Front cover of ‘Reek of Putrefecation’ by the grindcore band Carcass, 1988 

NOISE CULTURES : Networks of the Marginalised

Article written in 2013

"When music is central to ritual, to sanctioned transgression, it is effectively not music: it is the noise that will gradually progressively be excised in the same way that, for Bataille, we move cemeteries and abattoirs to the outskirts of towns."

Noise/music – Paul Hegarty

The metaphorical 'outskirts of town' describes the segregation of communities and cultures to the peripheries, those whose ideologies or practices are outside of mainstream acceptability. Social distinctions between noise and music are fundamental to the definition of communities as outsiders, as the out-spoken preacher is noise, the eastern music to western ears is noise, rock and roll to 1950's innocence is noise and death metal to punk is noise. I would like to briefly expand a short, and incomplete, definition of the outsider asking how the relations of his existence have changed through the development of communication technology and explaining why there can no longer be an underground.

The history of these musical and social peripheries are naturally implicated by aspects of religiousness, as Dan Graham describes in his 'Rock My Religion', early outsider musical styles and rituals from the early pioneers of America precipitates the formation of new churches and utopian philosophies, the two are mutually inclusive, in his book 'Noise' Attali states that 'the noises of a society are in advance of its images and material conflicts' Examples such as the music formed alongside early American Transcendentalism that placed emphasis on natural intuition or, the example given by Graham of the shakers who would dance round in a circle shouting 'Stomp the Devil' a communal hysteria aimed towards achieving a 'collective purity'. Music introduces a tangible and bodily connection to the structure of ritual, being able to physically communicate belief, stick and bone, sound vibration; defining a communal identity through sonic renunciation, distilled into a form that relates to the physicality or materiality of its belief. To associate Noise as a mutual and necessary element of the progressive margins of culture corresponds to its definition as a presence of disturbance and disruption, though not in the same way as avant-gardism, it is a diffuse force without purposeful revolution yet in many cases noise can provide the agitation that fuels and feeds the avant-garde.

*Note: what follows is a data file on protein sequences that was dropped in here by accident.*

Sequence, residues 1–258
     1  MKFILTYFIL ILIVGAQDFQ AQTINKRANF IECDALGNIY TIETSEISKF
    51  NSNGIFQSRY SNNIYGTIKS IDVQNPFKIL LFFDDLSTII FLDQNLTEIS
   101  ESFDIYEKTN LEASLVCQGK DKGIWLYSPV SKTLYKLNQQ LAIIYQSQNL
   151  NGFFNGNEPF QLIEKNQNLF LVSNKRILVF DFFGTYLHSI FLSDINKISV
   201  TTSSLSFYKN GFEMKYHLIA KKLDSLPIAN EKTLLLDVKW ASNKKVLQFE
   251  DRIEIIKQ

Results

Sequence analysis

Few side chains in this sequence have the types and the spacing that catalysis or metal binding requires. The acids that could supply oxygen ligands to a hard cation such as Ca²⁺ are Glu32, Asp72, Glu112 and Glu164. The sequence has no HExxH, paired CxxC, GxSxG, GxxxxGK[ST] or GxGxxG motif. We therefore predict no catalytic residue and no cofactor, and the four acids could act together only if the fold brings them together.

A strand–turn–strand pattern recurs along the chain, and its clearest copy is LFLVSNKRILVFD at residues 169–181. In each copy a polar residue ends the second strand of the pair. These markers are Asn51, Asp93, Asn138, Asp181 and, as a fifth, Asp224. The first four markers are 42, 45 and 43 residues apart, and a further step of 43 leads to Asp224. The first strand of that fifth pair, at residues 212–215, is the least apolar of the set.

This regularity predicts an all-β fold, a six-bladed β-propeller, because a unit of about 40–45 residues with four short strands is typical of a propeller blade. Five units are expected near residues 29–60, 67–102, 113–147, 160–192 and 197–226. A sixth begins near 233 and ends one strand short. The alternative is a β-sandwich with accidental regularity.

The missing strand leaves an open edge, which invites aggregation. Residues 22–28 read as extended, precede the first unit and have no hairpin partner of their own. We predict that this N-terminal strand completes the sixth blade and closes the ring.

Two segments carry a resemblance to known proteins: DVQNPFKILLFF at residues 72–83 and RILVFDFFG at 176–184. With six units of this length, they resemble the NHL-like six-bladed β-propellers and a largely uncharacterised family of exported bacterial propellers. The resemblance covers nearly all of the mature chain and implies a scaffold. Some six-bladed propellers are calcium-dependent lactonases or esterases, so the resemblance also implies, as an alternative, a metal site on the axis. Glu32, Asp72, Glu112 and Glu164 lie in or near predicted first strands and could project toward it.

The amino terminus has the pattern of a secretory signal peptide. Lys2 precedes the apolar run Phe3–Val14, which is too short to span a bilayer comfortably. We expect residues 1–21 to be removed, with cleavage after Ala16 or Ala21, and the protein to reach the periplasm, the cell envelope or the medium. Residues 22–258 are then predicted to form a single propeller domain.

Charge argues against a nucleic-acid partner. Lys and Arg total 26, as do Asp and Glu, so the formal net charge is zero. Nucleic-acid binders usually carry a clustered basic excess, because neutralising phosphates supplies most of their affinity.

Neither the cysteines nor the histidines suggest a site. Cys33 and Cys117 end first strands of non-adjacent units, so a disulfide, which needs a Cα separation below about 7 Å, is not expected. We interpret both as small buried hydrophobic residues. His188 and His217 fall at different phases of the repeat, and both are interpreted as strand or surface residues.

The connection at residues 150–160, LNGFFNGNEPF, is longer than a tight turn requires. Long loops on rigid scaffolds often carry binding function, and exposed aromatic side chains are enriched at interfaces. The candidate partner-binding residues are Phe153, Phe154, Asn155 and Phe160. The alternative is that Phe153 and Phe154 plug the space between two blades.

The kind of radicalism inherent to the fringes is a perpetual force, a continuing Noise constantly ringing out; Luigi Russolo defines the birth of Noise as heralded by the birth of machinery which perhaps goes more towards explaining the close relationship of developing technologies with these outsider groups rather than it is meant as a strict fact. Communication technologies brought reproduction and amplification as propagation, from the whirr of the printing press to the hiss of the radio, the outsiders voices became loud and clear as Josef Goebbels famously said “The radio will be to the twentieth century what the press was to the nineteenth”